September 09, 2021
If you have left your retirement investments untouched for the past year you may be taking too much risk, given the tremendous gains in the U.S. stock market over the past year.
That’s because the U.S. stock market has been on quite a bull market run. As I write this, it is up more than 20% in 2021. And since the pandemic market low in March of last year, an index of all U.S. stocks has doubled in value. Yes, you read that right: U.S stocks are up more than 100% in the past 12 months.
That’s great news. But it likely means your intended mix of stocks and bonds requires rebalancing.
I am all for long-term, buy-and-hold investing for goals such as retirement. But that doesn’t mean you can completely ignore your retirement portfolios.
It’s important to check in on your investments from time to time to make sure that your desired mix of stock funds and bond funds is still on track.
For instance, let’s say your asset allocation strategy is to have 65% in stocks and 35% in bonds. If you haven’t checked your overall asset allocation lately chances are your stock investments have grown to be a lot more than 65% of your overall allocation.
With the big increase in your stock funds, you likely need to sell some shares of your stock funds or ETFs to get your mix back to your intended target and reinvest that money in bond funds.
When you rebalance your investments inside a workplace retirement plan, or inside your own IRA, there is no tax bill when you exchange fund shares (selling shares of one fund and reinvesting in another fund.) If you own shares in a regular taxable account, any shares sold at a profit will be subject to the capital gains tax, even if you instantly reinvest the money in other funds.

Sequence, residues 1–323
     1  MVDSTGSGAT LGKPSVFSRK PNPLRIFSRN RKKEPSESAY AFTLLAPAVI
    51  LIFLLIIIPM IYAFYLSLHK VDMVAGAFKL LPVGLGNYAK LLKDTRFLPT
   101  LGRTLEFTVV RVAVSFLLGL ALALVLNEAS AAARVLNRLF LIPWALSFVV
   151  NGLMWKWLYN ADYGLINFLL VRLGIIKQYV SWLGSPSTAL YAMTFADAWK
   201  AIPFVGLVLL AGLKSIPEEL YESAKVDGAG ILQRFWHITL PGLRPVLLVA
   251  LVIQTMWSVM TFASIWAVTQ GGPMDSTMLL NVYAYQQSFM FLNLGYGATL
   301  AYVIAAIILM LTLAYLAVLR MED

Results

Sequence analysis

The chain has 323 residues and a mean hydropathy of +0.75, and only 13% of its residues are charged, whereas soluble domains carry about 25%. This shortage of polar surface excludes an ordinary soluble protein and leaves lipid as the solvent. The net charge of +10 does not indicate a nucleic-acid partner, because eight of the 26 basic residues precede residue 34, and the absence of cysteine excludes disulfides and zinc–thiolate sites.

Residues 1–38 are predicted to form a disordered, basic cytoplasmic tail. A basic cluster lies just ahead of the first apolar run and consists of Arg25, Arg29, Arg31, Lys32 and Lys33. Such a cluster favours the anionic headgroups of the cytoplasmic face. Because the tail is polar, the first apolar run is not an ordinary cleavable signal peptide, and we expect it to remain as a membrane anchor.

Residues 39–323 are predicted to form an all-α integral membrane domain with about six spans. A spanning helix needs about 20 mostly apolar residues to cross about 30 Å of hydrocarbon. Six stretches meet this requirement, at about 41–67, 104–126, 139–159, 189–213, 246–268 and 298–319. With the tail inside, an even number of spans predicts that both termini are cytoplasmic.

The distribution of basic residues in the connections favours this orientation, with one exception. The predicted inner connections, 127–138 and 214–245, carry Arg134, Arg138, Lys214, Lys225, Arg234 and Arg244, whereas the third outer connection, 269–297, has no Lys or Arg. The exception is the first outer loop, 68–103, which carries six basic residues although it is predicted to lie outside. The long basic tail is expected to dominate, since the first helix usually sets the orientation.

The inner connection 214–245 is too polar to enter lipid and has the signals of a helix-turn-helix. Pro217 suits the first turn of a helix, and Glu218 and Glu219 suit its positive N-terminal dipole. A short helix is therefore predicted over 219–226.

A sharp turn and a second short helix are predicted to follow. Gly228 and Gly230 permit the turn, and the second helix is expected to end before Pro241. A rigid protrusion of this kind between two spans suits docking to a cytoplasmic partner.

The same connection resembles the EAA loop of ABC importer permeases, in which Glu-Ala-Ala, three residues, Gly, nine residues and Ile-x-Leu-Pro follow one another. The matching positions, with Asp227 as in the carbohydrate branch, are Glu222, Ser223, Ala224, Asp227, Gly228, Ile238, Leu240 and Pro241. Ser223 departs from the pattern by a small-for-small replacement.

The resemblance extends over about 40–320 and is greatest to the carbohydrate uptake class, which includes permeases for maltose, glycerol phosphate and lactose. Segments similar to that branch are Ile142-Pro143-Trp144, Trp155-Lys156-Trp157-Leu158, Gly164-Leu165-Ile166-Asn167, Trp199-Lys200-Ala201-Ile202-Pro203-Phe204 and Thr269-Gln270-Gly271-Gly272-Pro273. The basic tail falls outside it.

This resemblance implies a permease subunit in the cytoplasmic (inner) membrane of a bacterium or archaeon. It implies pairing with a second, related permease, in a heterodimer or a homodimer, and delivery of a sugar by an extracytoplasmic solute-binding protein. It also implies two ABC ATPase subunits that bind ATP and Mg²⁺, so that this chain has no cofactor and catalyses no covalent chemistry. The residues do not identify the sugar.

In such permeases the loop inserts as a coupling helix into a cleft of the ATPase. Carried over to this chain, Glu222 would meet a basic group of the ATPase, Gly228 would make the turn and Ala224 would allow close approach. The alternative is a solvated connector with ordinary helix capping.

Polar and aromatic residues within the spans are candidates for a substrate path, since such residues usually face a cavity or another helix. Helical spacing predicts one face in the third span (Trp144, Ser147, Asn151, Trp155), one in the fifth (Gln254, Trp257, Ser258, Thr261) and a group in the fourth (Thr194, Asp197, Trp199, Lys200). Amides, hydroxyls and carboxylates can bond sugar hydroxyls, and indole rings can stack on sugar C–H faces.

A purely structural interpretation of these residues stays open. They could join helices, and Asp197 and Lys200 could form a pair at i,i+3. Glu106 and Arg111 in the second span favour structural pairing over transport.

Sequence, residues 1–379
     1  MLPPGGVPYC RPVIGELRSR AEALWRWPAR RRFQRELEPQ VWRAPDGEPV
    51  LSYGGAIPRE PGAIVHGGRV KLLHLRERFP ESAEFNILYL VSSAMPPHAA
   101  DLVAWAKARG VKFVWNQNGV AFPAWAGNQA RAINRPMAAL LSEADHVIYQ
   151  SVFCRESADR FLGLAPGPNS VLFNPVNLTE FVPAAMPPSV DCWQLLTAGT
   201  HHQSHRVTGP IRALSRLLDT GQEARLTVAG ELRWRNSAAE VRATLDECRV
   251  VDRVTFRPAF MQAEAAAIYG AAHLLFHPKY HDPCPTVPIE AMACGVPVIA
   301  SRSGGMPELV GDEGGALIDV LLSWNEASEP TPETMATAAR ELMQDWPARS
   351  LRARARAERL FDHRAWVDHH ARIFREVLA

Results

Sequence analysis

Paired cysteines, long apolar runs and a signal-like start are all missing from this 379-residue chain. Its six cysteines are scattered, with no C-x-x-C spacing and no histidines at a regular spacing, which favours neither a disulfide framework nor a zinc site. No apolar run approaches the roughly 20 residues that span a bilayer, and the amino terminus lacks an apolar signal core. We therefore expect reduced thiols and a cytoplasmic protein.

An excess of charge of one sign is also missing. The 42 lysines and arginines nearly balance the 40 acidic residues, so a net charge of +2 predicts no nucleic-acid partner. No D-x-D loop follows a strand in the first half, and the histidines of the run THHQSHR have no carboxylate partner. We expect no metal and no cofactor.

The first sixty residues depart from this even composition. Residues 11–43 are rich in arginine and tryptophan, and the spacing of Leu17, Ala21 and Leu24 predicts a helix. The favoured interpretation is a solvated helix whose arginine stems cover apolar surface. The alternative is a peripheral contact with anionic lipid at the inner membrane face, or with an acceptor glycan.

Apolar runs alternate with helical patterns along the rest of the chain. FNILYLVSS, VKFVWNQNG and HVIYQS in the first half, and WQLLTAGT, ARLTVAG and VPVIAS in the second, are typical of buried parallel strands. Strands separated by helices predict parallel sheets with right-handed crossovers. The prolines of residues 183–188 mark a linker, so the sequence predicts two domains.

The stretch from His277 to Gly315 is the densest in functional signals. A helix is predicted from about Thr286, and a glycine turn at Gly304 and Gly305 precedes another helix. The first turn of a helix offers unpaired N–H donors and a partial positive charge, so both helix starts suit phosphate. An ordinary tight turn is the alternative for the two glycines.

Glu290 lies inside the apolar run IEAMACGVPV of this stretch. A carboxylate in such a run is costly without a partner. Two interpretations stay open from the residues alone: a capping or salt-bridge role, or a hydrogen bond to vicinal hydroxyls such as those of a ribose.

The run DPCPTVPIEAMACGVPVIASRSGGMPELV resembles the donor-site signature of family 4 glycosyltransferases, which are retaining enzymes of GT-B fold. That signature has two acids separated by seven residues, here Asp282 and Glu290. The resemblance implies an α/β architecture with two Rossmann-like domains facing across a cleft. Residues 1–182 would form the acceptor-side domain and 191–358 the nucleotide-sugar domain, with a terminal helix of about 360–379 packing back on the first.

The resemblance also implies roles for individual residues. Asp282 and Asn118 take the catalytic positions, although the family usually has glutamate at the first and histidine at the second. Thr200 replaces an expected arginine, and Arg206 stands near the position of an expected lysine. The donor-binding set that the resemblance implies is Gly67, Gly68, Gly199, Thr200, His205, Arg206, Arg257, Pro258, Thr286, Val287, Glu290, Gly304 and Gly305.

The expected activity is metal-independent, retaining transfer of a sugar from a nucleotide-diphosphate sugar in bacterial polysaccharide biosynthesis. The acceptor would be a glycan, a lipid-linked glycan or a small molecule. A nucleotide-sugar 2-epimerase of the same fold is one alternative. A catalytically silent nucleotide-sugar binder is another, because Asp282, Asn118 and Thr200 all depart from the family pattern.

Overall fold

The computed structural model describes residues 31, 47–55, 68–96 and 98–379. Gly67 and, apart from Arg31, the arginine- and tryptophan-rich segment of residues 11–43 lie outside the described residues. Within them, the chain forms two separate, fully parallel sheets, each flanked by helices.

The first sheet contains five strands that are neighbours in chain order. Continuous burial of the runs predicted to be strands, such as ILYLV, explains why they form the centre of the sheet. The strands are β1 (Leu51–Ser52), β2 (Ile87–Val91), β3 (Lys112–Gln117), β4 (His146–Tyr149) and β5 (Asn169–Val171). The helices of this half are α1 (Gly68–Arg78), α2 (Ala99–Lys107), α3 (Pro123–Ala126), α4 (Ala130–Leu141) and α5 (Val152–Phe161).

The importance of a rebalancing act
I know it may be hard to sell shares of funds that are doing great. It’s our nature to want to stick with winners. But remember, you are not selling all your stock shares. Just enough to get your asset allocation mix back on track.
Rebalancing is how you perform one of the keys to successful investing: buy low and sell high. Right now, you are selling some of your stock shares which are a lot higher over the past year and reinvesting that money in short to intermediate term bond funds. (Bonds do well when stocks falter. That makes them valuable ballast during bear markets. But I do not recommend bond funds or ETFs that have a duration of more than five years. Longer-term bond funds are too risky right now.)
Periodically checking your asset allocation mix—at least once a year—to see if you need to do any rebalancing is how you keep your risk at a level where you are comfortable. If you decided that a 65% stock/35% bond mix was right for you, and now it is at 80% stock/20% bond, you have taken on more risk.
While the markets have been going up and up, we all know that is not always the case. We don’t know when the next big loss for stocks will happen, but if you told me we would be in for a correction sometime in the near future, or even a bear market (a stock drop of at least 20%) I wouldn’t be surprised. To repeat: stocks have more than doubled in little more than year. That’s quite a run. Rebalance now and you will be ready to ride out any market turbulence. And that is the key to successful long-term investing.